You find yourself standing on the edge of a coral lagoon in the middle of the Indian Ocean, there is no dry land for three hundred miles and you are up to your waist in a rushing tide. The tender boat is bobbing over a two-mile deep drop-off, waiting for your signal to be picked up. It took you sixty hours to get where you are standing now and you refuse to give up, knowing that a huge GT must pass by this point and its going to happen any second now.
Bassas da India counts as one of the furthest flung places in the world where you can fish, located in the centre of the Mozambique Channel, that divides Madagascar and Africa, this partially formed atoll is concealed under a high tide with a decaying shipwreck that offers the only resemblance of dry land, for the time being. This reef has caused countless shipwrecks through the centuries and large cannons and huge anchors have become embedded in its corals, surrounded by shards of china and bits of lead, creating an eerie glimpse into a long forgotten era of treacherous seafaring.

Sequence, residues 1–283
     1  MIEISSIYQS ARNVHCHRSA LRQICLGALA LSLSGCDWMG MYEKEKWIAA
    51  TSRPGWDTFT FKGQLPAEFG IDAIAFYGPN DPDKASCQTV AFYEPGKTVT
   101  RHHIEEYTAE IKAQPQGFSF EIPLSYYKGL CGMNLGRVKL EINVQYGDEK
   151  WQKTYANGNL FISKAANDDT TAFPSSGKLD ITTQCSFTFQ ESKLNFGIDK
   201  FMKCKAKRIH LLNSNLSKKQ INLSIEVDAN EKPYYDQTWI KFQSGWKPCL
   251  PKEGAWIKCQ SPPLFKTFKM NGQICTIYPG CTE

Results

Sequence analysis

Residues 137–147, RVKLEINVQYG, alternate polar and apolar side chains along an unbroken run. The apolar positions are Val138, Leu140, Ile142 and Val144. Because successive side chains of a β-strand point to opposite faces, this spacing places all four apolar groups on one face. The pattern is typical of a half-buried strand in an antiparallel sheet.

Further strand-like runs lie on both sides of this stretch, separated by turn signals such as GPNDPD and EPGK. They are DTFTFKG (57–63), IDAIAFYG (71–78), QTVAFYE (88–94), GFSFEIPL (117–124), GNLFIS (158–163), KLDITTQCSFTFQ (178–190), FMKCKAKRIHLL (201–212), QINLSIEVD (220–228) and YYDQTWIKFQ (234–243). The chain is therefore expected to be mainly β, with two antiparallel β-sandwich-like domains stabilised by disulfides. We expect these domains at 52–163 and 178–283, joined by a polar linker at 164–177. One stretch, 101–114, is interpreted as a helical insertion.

I remember sitting on the banks of the Zambezi River, starring at a photograph that Henry Gilbey took and I knew that I had to get into photography. A few years later and I am lugging 20 pounds of camera gear around flats and rivers of the world, trying to get that perfect shot. As a professional fly-fisherman, I consider it as part of my job to take a good photograph. These remote and pristine places around the world are disappearing at an alarming rate and simply taking a ‘grip and grin’ photograph of a client holding the fish of a lifetime is not enough. I think photographs that capture the fly-fishing experience and environment document a larger and more important audience than we might think.